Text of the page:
LOS ANGELES (AP) — A natural gas well blowout last year that crippled a major energy supply for Southern California could lead to blackouts in the region over as many as 14 days this summer, energy officials said Tuesday.
State agencies that studied the impact of the partial shutdown of the Aliso Canyon gas storage field proposed an action plan to prevent power outages but concluded they “will reduce, but not eliminate, the risk of gas shortages this summer that are large enough to cause electricity interruptions for the region’s residents and businesses.”
The report comes as state regulators investigate the cause of what scientists said was the largest-known release of climate-changing methane in U.S. history. The Southern California Gas Co. well leaked out of control almost four months and sickened Los Angeles residents who lived nearby, displacing more than 6,000 families from their homes.
Michael Picker, president of the California Public Utilities Commission, said the situation facing the region is similar to the shutdown of the San Onofre nuclear power plant near San Diego after a small radiation leak. State officials and utilities had to scramble to find alternate sources of power and were able to avert a blackout crisis.
The report anticipates a typical summer without other supply problems. If it’s hotter than usual, or other problems crop up, the risk of blackouts would increase.
“No matter what we do, there’s always something unexpected,” Picker said.
The Aliso Canyon impact could be felt beyond the Los Angeles area and could hit San Diego, Riverside, San Bernardino and Orange counties, said Mark Rothleder, vice president of the California Independent System Operator, which manages the state power grid.
It could also extend beyond summer. The report said up to 18 days of outages could occur later in the year, though further study is needed.
Aliso Canyon is the largest natural gas storage area in the West and provides fuel for heat in winter and helps power electric plants in summer when energy demand spikes for cooling. Ample storage is needed because natural gas pipelines can’t deliver gas fast enough or carry the capacity needed to meet high demands.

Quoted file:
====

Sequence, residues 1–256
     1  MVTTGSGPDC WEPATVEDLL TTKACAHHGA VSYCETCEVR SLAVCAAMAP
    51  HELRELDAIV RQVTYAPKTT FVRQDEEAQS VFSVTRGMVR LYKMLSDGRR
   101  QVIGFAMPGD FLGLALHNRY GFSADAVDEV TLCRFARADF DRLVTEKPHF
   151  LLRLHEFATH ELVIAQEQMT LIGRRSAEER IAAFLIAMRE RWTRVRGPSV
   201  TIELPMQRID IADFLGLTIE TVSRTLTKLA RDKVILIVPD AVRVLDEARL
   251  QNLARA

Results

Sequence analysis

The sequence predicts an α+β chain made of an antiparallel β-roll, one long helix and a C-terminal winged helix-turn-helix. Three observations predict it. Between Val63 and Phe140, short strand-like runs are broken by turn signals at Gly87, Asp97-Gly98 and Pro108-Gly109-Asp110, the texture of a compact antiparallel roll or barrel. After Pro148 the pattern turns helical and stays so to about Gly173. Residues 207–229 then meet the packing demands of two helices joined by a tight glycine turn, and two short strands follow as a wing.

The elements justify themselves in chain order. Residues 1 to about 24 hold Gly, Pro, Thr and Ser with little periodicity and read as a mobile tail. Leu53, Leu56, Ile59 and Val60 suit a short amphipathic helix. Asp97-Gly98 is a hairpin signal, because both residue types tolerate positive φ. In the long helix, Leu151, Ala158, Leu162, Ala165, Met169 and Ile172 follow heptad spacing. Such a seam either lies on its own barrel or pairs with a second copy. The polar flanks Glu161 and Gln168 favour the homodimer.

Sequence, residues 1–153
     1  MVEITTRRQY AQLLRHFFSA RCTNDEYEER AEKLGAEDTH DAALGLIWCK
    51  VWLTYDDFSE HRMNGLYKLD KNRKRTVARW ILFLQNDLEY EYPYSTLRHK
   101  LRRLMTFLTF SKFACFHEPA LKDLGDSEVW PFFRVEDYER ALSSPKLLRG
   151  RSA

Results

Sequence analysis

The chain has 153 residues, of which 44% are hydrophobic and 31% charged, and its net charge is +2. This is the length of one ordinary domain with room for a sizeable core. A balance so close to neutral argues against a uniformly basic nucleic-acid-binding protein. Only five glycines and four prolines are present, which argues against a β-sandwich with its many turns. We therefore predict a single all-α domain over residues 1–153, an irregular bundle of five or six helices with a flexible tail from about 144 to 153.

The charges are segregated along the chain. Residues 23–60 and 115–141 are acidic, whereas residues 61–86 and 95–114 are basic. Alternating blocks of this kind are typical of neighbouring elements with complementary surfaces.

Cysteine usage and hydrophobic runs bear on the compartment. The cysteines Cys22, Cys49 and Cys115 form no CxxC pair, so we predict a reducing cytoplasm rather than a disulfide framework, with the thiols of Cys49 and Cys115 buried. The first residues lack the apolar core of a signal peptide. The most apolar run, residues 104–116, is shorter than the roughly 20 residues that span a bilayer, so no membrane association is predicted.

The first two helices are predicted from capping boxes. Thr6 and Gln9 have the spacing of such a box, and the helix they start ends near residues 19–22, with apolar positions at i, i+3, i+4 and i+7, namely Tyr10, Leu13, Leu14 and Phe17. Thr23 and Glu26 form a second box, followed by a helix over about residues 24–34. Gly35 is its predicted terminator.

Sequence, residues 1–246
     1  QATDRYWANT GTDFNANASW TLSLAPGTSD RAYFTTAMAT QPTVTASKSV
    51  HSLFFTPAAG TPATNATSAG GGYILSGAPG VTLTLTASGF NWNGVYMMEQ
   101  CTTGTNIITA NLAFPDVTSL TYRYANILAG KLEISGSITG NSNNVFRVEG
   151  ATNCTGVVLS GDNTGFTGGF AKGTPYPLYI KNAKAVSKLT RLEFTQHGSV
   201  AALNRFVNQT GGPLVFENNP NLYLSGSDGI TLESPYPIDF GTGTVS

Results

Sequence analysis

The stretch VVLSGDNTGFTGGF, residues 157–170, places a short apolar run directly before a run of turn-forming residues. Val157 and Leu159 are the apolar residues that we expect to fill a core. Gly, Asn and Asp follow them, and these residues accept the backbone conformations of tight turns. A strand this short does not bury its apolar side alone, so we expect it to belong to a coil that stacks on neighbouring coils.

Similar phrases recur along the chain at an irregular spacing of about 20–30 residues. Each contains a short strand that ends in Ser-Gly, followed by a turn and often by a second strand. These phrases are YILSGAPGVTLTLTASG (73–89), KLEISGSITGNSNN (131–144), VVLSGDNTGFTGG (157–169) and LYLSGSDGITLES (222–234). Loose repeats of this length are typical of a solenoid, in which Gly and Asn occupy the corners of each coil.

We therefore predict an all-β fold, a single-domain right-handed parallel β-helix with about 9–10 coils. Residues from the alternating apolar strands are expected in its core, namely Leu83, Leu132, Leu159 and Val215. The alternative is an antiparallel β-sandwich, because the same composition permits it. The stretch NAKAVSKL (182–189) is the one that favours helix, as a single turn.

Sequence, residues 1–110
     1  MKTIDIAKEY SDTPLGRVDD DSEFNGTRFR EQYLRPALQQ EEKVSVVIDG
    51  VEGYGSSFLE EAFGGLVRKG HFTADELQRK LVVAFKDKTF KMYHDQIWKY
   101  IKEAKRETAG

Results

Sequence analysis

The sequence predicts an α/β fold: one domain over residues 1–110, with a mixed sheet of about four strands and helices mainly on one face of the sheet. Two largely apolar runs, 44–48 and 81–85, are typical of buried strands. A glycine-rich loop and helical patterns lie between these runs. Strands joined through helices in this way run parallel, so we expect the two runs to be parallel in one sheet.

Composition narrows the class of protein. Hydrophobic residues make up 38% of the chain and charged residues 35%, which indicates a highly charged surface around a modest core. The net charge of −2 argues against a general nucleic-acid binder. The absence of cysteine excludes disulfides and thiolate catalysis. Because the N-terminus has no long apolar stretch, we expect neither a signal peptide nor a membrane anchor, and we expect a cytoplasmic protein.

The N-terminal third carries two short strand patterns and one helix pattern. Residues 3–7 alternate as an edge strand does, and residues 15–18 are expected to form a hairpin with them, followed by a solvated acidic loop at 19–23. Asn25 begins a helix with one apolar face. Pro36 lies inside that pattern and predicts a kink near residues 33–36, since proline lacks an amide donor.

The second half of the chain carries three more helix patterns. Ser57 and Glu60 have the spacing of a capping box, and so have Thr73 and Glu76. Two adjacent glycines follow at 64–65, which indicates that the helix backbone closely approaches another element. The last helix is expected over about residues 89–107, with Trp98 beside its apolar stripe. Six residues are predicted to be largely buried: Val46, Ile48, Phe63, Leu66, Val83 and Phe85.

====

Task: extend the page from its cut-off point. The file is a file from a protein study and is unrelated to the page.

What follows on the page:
During the leak, the company withdrew most of the gas in the field to relieve pressure on the leaking well and it’s under order from state regulators not to store additional gas deep underground until all 114 remaining wells pass a battery of strict tests.
The field still has some gas in it and one of the proposed plans to prevent power outages calls for using that gas, as well as seeking more energy efficiency and asking residents to conserve.
With the operation limited, it will put a greater burden on other utilities.
The Los Angeles Department of Water and Power, for example, will change the way it does business to “to try to keep the lights on,” said Marcie Edwards, general manager.
Edwards said the company won’t agree to buy gas at a fixed price in advance because of limitations in the delivery system, it won’t sell electricity wholesale to other agencies, and it won’t use the cheapest energy resources first in order to save gas for when it’s needed.
Edwards said it’s too soon to predict what those measures will cost the agency.
Sen. Fran Pavley, D-Agoura Hills, who authored a bill that would extend a moratorium on gas injections at Aliso Canyon, said the measures will cost consumers tens of millions of dollars.
Pavley said the report shows that only a small margin of additional natural gas is needed to avert supply problems, demonstrating that Aliso Canyon doesn’t need to resume “business as usual.”
Many nearby residents and some environmentalists want to see the facility shut down.
In a statement, SoCal Gas said the report had recognized the facility’s “crucial role” in providing energy to the region.
A consumers group criticized the report for overstating the risk to the power grid by underestimating gas and electricity capacity.
“The assumptions delivered today are designed to spark fear meant to keep Aliso open,” said Jamie Court of Consumer Watchdog.
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